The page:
Luck at peace in life after Colts

Apr. 12—Andrew Luck has found peace in life after the NFL.

In an alternate universe, the 34-year-old might be the face of the league at the peak of a Hall of Fame career.

In this reality, he's the proud father of two young girls and a part-time high school football coach.

Over the past five years, he said he's never felt a tug to return to his celebrated playing career.

"I think when I retired, that part of it was put to bed in my mind in a very simple, direct way," Luck said Friday at the Indiana Farm Bureau Football Center. "There were a lot of complications around it. (I was) tormented inside as you guys saw that night. But that part of it has been stowed away."

Luck was back at the Indianapolis Colts' practice facility to support his former head coach, Chuck Pagano, at the 12th annual ChuckStrong Gala to benefit the fight against leukemia.

It's not the first time he's been back since retiring in August 2019, but it's certainly the most high profile.

Pagano joked he dipped into Colts owner Jim Irsay's deep pockets to lure his former quarterback home. But, in truth, all he had to do was ask.

"We have a great relationship," Luck said. "He was a massive influence on my life in a positive way."

Luck's rookie season in 2012 remains the high point of the franchise's post-Peyton Manning era.

With Pagano battling leukemia at the Indiana University Simon Cancer Center just blocks from Lucas Oil Stadium, the Colts rallied from a 1-2 start to make the playoffs under interim head coach Bruce Arians.

Pagano returned to the team on Christmas Eve — the day after a wild-card playoff spot was clinched — and took the sideline for the regular-season finale against the Houston Texans to a standing ovation.

It was a fairy tale season Luck said he's only now beginning to fully appreciate.

"While I was in it, I certainly don't think I understood the gravity of the situation," Luck said. "And it's certainly, with time, a way that you realize, whoa, how special that year was in many ways — most importantly that Chuck made it back.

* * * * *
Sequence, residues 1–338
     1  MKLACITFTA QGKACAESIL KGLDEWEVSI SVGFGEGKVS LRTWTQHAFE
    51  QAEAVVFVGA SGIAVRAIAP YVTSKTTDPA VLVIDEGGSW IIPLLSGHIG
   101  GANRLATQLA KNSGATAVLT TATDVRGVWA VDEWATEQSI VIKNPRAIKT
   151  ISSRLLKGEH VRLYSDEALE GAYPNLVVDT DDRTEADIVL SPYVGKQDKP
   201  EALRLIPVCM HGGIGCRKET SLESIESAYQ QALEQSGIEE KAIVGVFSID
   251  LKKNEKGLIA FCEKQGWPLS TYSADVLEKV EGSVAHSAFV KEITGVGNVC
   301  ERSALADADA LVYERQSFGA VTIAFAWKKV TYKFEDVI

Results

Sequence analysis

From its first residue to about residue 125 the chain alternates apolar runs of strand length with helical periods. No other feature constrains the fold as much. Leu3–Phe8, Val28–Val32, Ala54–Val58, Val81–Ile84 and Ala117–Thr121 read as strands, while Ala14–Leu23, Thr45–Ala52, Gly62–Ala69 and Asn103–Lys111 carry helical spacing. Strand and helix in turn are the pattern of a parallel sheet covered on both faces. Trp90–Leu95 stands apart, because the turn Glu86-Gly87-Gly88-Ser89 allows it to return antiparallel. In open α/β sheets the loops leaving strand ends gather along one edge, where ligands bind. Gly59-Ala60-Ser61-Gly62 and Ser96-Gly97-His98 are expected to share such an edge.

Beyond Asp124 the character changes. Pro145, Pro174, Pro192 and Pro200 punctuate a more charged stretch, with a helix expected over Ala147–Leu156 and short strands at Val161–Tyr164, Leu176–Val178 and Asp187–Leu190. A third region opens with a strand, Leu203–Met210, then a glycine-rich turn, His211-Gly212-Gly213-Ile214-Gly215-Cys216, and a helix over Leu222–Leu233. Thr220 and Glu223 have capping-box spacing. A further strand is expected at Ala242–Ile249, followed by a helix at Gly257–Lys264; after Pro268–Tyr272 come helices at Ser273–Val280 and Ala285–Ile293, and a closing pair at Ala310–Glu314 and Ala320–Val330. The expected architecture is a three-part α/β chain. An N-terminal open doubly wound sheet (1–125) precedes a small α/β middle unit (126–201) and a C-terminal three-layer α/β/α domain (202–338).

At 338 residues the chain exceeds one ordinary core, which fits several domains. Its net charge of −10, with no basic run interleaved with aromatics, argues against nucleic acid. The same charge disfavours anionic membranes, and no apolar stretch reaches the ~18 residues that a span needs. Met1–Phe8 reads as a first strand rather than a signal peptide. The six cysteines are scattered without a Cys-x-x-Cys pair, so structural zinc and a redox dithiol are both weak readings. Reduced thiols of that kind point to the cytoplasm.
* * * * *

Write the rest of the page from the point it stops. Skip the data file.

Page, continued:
"And I think while playing that year, and while it is cliché, I do think you have tunnel vision. You sort of have to, to step on the field and go play quarterback, go do whatever. And again, with time, the blinders certainly widen, and you have a different perspective."

Luck completed 60.8% of his passes for 23,671 yards with 171 touchdowns and 83 interceptions for Indianapolis from 2012-18. He was 53-33 as a starter and helped the franchise win two AFC South titles and make four playoff appearances.

The Colts were 4-4 in the postseason during that span and advanced to the AFC Championship Game following the 2014 regular season.

He'll be remembered for stirring comebacks and deep passes to wide receiver T.Y. Hilton. And, of course, there will always be the question of what more he and his teammates could have accomplished if shoulder and calf injuries hadn't conspired to end his career far too early.

Pagano prefers to remember the best of times and said Luck's Indy legacy is clear.

"The guy was one of the fiercest competitors, warrior, great teammate, great player," Pagano said. "We know the skillset, generational talent. The guy gave everything that he had day in and day out."

Luck's football participation these days is limited to what little he can watch on TV between his duties as a father and the occasional Stanford home game or practice.

He did make it to one San Francisco 49ers game last season, and he helped coach Palo Alto High School when he could.

That's been enough to scratch his gridiron itch.

"I certainly realize I still love this game, and I want to have it integrated in my life," Luck said. "It's gotta be different."

Luck counts 49ers running back Christian McCaffrey — a fellow Stanford product — and Colts running back Jonathan Taylor among his favorite current players.

And he's kept tabs on his former team in Indianapolis.

Only center Ryan Kelly, long snapper Luke Rhodes and punter Rigoberto Sanchez remain from the roster during Luck's final season of 2018.

But his eldest daughter was born in Indianapolis, and he still has family in the city. He's kept his Indy 500 tickets, and he misses the month of May.

Luck hasn't yet met the new franchise quarterback in person.

He has shared texts with Anthony Richardson and hoped to meet up this weekend, but the logistics didn't work out.

"I know we'll get to meet at some point," Luck said. "And I do hesitate with advice, and he's certainly not a kid. I mean, that guy's out there playing quarterback for the NFL, and that's hard. It's really hard.

"And I think he has the approach, I think he's got the support system to be able to be a real success in this league and real dynamic, dynamic player that Colts fans can be proud of and fans around the country (can) be proud of. So I'm excited to watch where this thing goes."